Settings > System > About > Rename this PC (advanced) (on the right) > Change settings > Domain (radio button). I think you need an administrator to do this.

Disable Remote Desktop on the firewall

Control Panel\System and Security\Windows Defender Firewall\Allowed apps and uncheck Remote Desktop.

What are the manufacturer's hardware specifications (minimum requirements and compatibility) for CentOS 8?

Minimum system requirements for CentOS 8:

  • 2 GB RAM
  • 2 GHz or higher processor
  • 20 GB hard disk
  • 64-bit x86 system


Create a bootable CentOS 8.2.2004 operating system installation stick!

You can find out how here.

What's the difference between installing with "yum" and "rpm" parameters?

What is RPM

The RPM is a command-line package manager developed by Red Hat in 1995. The package manager was designed to run on Red Hat-based systems. Today, RPM is a core component of many Linux distributions, including CentOS, Fedora, Oracle Linux, openSUSE, Mageia, etc.

RPM Package Manager allows users to query, check, install, update and remove packages. The main disadvantage is that it does not resolve package dependencies or automatic package updates.

What is YUM

A YUM ( Yellow Dog pdater , M odified ) is an open source Linux package management application that uses the RPM package manager. This front-end RPM tool allows users to browse official and third-party repositories and install, update or remove packages from the system.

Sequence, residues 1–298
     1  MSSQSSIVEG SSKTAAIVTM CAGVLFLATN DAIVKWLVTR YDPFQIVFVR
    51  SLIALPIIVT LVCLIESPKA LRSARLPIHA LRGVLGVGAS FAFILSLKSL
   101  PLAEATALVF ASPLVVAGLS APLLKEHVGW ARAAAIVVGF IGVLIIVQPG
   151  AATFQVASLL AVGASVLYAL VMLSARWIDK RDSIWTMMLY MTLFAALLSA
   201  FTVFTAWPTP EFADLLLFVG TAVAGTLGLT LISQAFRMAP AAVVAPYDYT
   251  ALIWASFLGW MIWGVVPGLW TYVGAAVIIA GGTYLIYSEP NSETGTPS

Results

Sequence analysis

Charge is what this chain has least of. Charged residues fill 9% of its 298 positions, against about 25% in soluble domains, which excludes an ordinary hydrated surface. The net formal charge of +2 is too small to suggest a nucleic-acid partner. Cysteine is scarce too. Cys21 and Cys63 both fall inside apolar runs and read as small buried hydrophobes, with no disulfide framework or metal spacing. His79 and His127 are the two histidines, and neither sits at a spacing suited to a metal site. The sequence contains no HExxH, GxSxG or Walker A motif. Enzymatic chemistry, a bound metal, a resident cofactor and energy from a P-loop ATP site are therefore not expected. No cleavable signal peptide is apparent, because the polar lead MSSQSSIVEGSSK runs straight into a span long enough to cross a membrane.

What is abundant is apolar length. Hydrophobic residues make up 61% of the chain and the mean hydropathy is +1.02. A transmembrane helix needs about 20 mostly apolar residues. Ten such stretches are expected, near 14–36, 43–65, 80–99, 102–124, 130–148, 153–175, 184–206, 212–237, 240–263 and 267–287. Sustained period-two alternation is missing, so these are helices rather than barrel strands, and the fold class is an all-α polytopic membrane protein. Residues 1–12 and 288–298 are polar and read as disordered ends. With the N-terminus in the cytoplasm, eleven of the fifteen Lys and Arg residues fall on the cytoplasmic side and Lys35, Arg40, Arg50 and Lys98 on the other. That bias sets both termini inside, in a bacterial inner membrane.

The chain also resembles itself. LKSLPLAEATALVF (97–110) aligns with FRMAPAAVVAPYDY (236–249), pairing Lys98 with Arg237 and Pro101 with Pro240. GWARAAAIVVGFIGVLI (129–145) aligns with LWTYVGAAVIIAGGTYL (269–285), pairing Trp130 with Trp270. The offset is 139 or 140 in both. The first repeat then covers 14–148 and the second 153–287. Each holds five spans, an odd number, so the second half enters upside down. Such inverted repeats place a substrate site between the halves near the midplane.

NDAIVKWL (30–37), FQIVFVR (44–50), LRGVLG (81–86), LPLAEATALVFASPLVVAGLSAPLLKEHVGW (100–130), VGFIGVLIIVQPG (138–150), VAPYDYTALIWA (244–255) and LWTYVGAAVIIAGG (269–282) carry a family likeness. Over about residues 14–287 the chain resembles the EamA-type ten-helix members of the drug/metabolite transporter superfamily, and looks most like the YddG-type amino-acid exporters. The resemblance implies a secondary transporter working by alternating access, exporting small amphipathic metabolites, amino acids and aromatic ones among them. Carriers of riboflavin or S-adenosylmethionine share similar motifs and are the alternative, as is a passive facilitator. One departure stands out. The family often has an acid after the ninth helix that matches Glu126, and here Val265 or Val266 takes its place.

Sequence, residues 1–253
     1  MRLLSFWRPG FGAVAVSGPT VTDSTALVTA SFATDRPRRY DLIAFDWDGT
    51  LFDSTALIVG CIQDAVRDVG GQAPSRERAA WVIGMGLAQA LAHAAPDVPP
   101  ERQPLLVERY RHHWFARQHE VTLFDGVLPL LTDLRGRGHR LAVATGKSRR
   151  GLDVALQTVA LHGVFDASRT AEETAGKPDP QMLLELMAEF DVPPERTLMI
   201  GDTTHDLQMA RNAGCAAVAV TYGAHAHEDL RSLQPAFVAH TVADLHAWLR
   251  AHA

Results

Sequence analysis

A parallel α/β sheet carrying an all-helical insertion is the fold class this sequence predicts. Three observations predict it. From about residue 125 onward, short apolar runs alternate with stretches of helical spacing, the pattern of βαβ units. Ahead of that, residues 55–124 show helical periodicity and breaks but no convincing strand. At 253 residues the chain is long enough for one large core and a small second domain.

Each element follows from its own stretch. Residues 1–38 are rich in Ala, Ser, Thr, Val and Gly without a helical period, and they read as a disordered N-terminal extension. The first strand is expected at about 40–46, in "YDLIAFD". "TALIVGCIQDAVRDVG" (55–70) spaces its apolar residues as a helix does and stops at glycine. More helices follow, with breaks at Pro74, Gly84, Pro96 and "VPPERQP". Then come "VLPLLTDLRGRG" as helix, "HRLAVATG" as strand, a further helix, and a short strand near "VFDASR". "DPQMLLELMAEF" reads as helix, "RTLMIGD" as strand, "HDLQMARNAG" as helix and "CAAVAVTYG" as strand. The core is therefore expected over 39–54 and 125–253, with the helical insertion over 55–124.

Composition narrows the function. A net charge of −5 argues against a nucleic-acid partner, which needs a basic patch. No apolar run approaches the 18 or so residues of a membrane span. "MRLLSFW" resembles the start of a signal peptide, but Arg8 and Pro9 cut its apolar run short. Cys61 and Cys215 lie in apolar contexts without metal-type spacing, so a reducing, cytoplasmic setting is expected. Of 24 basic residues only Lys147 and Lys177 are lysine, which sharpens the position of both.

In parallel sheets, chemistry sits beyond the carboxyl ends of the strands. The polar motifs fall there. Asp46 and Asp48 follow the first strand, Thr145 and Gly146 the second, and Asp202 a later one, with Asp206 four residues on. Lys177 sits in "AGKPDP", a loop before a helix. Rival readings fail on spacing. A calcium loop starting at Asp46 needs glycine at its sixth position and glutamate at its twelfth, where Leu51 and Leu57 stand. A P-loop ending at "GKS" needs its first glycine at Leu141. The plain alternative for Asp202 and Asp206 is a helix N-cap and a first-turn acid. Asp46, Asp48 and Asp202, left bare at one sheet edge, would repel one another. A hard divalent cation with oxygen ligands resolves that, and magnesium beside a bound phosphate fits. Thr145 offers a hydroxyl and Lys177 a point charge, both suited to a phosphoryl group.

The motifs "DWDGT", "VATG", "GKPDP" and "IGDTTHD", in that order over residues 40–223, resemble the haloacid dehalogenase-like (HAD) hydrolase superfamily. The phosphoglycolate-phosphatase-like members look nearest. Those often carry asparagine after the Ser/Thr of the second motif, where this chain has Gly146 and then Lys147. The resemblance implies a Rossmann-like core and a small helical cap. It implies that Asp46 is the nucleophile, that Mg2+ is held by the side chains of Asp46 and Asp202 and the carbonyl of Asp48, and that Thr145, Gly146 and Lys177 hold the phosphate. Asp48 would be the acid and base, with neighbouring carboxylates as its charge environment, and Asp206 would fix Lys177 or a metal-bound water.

YUM is the /etc/yum.repos.d/*.repo works with online repositories listed in the file . In addition, the tool allows users to add their own *.repo their files.

The advantages of YUM over RPM are automatic updates, easy package management and dependency management.

It installs both RPM and YUM packages, keeps the information in a database, and provides basic command line functionality. However, there are many differences between the two parcel handlers.

The table below gives an overview of the Main differences between RPM and YUM :

Parameter RPM (Red Hat Package Manager) YUM (Yellow Dog Updater, modified)
Retrieved from It was introduced by Red Hat in 1997. Updated from YUP to YUM in 2003.
Definition Low-level packet manager with basic functions. Top-level front-end package manager with advanced features.
Addictions It does not dissolve addictions. Automatically resolve and install package dependencies.
Package installation Allows multiple package versions to be installed.
However, only one package can be installed at a time.
Does not allow multiple package versions to be installed. Only supports packages available in the repository and shows packages already installed.
On the other hand, YUM can install several packages at the same time.
Updates RPM does not support automatic updates. YUM allows automatic updates to the latest available version.
Repository support RPM does not use an online repository to install packages. Instead, the exact local .rpm package path is required to complete the installation. YUM relies on an online repository to install packages. The utility only requires the package name.
Autonomy RPM is autonomous and uses its own database to store information about packages on the system. YUM is a front-end utility that uses the RPM package manager for package management. The utility also uses the RPM database in the background.
Easy to use The management and administration of RPM packages can become complicated at times. This is the easiest way to manage RPM packages.
Scroll back to RPM does not support rollback of changes. YUM allows you to undo changes.